Student Corner: Olympic gymnast chooses next career in Baylor’s Physician Assistant Program

Nearly three years after retiring from gymnastics, Madison Kocian still thinks about the body all the time.

It’s just not her own body anymore. It’s her future patients’.

In June, Kocian began her first semester in the Physician Assistant Program in Baylor College of Medicine’s School of Health Professions. Though early in her studies, she hopes for a career working with children.

Six years ago, the Dallas native competed in the 2016 Summer Olympics in Rio de Janeiro as part of the gold-medal winning team of gymnasts known as the “Final Five.” A year after winning the World Championship in uneven bars in 2015 in a four-way tie, Kocian also earned a silver medal in the same event at the Olympics.

Madison Kocian gymnast 2

Madison Kocian, a student of Baylor’s Physician Assistant Program, competed in the 2016 Summer Olympics as a gymnast.

Kocian started training in gymnastics at age 5. She was 14 when she realized she could compete in the Olympics. She retired in March 2020 at age 22.

Kocian attended the University of California in Los Angeles and competed for UCLA women’s gymnastics. “‘Wow, what do I do with my life now?’” she remembered thinking when her final PAC-12 and NCAA Championships were canceled because of the COVID-19 pandemic.

Being an athlete gave Kocian an accomplishment to work toward. “There was always something to achieve,” she said. “[When the pandemic happened], I set goals for myself and started rearranging those thoughts to find my next career.”

Kocian dealt with several injuries due to her gymnastics career, including surgeries on her ankles, shoulders and one wrist. Always curious about anatomy and how the body works, she remembers asking questions during doctors’ visits.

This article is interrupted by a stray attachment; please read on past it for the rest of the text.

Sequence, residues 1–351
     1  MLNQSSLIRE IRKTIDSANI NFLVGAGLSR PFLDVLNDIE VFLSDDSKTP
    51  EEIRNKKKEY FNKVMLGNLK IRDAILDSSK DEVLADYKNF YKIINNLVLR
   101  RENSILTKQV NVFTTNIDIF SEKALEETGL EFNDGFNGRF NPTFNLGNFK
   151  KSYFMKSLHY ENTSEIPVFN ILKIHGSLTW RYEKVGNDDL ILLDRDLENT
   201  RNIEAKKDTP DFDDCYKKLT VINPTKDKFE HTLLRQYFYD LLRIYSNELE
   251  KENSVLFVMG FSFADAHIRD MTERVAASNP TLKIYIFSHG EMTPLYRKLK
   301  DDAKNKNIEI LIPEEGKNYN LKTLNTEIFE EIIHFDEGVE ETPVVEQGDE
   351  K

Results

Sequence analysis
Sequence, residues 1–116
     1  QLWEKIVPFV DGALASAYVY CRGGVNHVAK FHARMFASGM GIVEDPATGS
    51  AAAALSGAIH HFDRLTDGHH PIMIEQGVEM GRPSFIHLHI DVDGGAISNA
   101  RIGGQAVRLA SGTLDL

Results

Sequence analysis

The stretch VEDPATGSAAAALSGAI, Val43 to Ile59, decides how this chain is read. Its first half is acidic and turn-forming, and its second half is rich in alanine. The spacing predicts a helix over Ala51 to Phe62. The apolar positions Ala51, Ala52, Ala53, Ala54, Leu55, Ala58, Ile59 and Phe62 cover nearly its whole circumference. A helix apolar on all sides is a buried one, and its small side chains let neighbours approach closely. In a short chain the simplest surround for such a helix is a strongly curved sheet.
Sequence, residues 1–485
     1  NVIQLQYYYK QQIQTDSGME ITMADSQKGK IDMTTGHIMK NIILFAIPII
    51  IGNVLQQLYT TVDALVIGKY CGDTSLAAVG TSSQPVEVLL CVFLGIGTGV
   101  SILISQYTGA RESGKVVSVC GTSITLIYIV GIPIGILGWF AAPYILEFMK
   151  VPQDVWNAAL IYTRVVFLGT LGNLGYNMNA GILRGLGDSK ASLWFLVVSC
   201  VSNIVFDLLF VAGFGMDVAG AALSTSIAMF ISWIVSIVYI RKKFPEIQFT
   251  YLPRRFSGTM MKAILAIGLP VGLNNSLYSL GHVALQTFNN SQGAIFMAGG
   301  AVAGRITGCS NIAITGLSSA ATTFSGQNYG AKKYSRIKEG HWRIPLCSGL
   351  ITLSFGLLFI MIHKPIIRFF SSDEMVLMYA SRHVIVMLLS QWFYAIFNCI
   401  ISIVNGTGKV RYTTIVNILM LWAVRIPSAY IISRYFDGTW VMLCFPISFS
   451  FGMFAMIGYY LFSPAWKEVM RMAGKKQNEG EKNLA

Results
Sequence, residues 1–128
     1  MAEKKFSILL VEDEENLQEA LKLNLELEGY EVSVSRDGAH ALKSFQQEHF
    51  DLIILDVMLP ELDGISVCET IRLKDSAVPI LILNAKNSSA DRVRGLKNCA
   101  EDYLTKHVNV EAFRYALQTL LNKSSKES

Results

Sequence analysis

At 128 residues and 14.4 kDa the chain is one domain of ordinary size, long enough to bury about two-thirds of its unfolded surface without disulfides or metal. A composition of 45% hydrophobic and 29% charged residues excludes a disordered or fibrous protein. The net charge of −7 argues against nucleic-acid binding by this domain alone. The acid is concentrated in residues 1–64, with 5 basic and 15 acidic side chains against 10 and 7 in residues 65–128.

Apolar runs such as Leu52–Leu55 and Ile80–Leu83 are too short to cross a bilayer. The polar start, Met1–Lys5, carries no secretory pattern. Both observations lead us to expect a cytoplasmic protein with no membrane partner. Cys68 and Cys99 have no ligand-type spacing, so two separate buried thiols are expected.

As an undergrad, she was exposed to the medical field through an internship with an orthopedic children’s specialty clinic in Los Angeles. She found that she loved working with kids. When she was a junior at UCLA, she decided to become a physician assistant.

Kocian applied to different programs, but she deliberately sought programs in Texas. Baylor’s high rankings and familiar-feeling faculty led her to choose Houston. “Everyone has been so good at helping us learn here and guiding us toward success,” she said.

Moving to Houston was not a major transition because it’s far enough from Dallas to have her own space, but it still feels like home. “Just a little more humid,” she said.

The time she actually spends in a classroom with her peers has been a bigger adjustment because during most of her school years and college, Kocian’s gymnastic training took place between 8 a.m. and noon before attending class until 4 or 5 p.m.

Though her gymnastics career is over, Kocian retains what she learned in those years on the mat and uneven bars: maturity, time management, physical health and a love for competition. Competing at a such a high level, Kocian admits there were bad days.

But at the end of it, her time as a gymnast helped her be the goal-oriented adult she is today.

“A lot of athletes lose their identity when they retire or quit playing,” Kocian said. “I now talk to younger athletes and tell them that they are more than their sport.”

By Julie Garcia